Easy to Digest Advice on Picky Eaters
Parents have been picking my brain in regard to how to handle their picky eaters. Well, let me provide more than a mouthful of information on this topic that will be easy to digest.
Picky eating is a common, normal childhood behavior. Recent studies suggest that even toddlers who are considered “good eaters” will need to try a new food at least 10 times before they will say they like it. Other studies suggest that children who are extremely picky have relatives who also demonstrated this behavior, suggesting it may be an inherited trait in some families.
That being said, if you want to get your child or toddler to try a new food, I have some suggestions:
1. Set a good example. If you show your child you are willing to enjoy trying a new food with them, they are more apt to eat that food.
2. If it is a food you dislike, don't express that or your child will mimic that behavior.
3. Let your child know the benefits of trying a new food in terms of things that will appeal to them. For example, if your child is interested in sports and professional athletes, tell them that eating yogurt or cheese is something athletes do to make their bones stronger.
4. Consider holding a "food inventing contest" where you invite children to mix up fruits, vegetables, spreads, tortillas, rolls, lunchmeat, and a food they have not tried into a tasty and creative snack. If they like the snack they make, they may be more apt to like the new food they tried as well.
5. If your child likes a particular topping - like peanut butter - consider putting that onto a new food to entice them to try it.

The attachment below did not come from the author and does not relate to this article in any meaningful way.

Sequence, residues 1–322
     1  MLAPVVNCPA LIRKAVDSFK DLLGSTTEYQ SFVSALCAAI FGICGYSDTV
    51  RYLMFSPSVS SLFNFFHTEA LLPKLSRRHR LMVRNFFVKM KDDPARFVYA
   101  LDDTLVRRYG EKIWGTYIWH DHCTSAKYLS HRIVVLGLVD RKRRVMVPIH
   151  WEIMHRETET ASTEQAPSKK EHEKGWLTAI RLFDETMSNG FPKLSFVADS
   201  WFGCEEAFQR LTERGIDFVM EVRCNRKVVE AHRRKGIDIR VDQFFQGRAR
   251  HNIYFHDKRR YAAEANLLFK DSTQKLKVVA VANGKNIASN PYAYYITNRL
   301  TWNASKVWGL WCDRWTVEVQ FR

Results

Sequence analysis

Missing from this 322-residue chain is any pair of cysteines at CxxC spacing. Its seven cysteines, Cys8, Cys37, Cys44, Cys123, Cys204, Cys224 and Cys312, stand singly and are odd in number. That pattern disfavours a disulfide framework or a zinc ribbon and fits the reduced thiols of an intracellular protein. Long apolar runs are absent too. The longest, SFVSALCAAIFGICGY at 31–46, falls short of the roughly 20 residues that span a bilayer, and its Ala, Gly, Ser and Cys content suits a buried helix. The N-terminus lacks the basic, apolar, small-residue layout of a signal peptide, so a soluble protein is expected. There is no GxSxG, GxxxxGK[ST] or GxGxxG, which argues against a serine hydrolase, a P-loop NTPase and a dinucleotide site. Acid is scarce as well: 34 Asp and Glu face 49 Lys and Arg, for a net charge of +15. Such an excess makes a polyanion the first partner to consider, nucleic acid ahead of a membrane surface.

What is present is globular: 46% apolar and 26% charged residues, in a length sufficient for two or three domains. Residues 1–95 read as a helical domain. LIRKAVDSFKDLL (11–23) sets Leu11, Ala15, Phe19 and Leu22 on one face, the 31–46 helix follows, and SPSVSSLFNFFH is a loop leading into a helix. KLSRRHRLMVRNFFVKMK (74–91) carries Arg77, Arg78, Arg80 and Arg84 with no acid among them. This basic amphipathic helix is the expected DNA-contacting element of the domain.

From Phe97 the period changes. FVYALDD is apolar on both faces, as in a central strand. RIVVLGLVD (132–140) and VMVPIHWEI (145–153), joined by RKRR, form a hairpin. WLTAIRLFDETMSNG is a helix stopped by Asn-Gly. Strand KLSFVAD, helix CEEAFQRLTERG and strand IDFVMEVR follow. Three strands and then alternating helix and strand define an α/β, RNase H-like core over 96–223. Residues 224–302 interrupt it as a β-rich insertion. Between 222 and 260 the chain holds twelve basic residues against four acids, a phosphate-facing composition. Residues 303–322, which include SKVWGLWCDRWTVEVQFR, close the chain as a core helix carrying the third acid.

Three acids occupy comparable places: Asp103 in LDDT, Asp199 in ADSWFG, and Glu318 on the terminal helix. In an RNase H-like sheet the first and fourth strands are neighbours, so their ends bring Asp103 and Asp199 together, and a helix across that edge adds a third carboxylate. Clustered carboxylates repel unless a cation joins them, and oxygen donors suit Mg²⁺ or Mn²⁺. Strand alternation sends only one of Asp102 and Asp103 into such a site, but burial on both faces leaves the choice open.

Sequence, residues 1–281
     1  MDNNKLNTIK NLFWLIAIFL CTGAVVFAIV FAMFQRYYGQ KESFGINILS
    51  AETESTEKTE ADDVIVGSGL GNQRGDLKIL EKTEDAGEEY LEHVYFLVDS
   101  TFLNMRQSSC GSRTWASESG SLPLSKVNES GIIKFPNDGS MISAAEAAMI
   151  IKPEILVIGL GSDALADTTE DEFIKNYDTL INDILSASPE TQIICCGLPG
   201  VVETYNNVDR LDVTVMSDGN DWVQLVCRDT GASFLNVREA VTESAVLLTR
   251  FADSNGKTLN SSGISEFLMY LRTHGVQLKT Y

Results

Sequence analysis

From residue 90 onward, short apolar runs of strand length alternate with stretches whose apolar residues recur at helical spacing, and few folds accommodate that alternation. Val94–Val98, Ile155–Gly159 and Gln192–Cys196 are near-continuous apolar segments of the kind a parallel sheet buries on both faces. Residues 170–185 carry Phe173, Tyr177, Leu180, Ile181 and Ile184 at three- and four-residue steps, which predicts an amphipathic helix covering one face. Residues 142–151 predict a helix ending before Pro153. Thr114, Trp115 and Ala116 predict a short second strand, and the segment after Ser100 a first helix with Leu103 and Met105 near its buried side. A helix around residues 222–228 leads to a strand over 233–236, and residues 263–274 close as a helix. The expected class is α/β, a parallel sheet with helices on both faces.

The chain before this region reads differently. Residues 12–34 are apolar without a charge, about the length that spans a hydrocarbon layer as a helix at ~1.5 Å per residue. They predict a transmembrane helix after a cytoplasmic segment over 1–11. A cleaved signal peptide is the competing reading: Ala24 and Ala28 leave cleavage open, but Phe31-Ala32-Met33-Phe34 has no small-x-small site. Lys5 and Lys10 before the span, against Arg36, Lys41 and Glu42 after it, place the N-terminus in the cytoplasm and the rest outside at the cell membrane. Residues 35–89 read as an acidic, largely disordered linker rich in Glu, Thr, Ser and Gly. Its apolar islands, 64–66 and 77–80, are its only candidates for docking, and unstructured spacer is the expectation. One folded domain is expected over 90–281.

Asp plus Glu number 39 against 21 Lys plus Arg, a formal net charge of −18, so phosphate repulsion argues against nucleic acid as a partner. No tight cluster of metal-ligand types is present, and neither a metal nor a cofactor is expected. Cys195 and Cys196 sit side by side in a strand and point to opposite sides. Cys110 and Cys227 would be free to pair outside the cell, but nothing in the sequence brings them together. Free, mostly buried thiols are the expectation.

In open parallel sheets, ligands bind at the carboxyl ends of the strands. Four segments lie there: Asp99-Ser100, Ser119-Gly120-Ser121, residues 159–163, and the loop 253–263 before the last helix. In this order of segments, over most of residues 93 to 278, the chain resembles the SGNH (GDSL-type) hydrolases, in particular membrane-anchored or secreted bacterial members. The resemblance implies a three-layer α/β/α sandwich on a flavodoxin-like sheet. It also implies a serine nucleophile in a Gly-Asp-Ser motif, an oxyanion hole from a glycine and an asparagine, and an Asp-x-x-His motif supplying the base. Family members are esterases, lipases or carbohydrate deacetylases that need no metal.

Just because a child refuses a new food doesn't mean they won't try it several days or weeks later. It's also important to not call a lot of attention to the fact that a new food has appeared on the plate. The more you make a production of trying a new food, the more your child is apt to refuse it. A solution to the control issue is to offer your child a choice of 2 to 3 new foods, and that way they are making the decision of what to try instead of you making it for them. Finally, one of my favorite tips is to have your child eat with friends who are not as picky. When your child sees a friend eating new foods, they will probably try that food too even when they won’t do it for you.
Hopefully, tips like this will whet your appetite when it comes to getting your child to be less picky about trying new foods.
Lewis First, M.D., is chief of Pediatrics at Vermont Children's Hospital at Fletcher Allen Health Care and chair of the Department of Pediatrics at the University of Vermont College of Medicine. You can also catch "First with Kids" weekly on WOKO 98.9FM and WPTZ Channel 5, or visit the First with Kids video archives at http://www.FletcherAllen.org/firstwithkids